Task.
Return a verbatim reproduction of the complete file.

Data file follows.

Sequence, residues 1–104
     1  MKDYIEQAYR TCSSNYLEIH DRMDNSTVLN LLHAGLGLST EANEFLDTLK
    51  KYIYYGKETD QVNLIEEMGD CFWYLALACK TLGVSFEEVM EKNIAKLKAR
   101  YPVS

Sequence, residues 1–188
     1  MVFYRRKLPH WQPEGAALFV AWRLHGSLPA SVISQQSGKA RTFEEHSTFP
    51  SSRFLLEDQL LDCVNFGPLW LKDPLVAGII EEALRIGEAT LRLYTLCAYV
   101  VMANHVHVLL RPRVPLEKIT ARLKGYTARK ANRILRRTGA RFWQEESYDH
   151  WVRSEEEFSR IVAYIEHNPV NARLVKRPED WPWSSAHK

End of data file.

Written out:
Sequence, residues 1–104
     1  MKDYIEQAYR TCSSNYLEIH DRMDNSTVLN LLHAGLGLST EANEFLDTLK
    51  KYIYYGKETD QVNLIEEMGD CFWYLALACK TLGVSFEEVM EKNIAKLKAR
   101  YPVS

Sequence, residues 1–188
     1  MVFYRRKLPH WQPEGAALFV AWRLHGSLPA SVISQQSGKA RTFEEHSTFP
    51  SSRFLLEDQL LDCVNFGPLW LKDPLVAGII EEALRIGEAT LRLYTLCAYV
   101  VMANHVHVLL RPRVPLEKIT ARLKGYTARK ANRILRRTGA RFWQEESYDH
   151  WVRSEEEFSR IVAYIEHNPV NARLVKRPED WPWSSAHK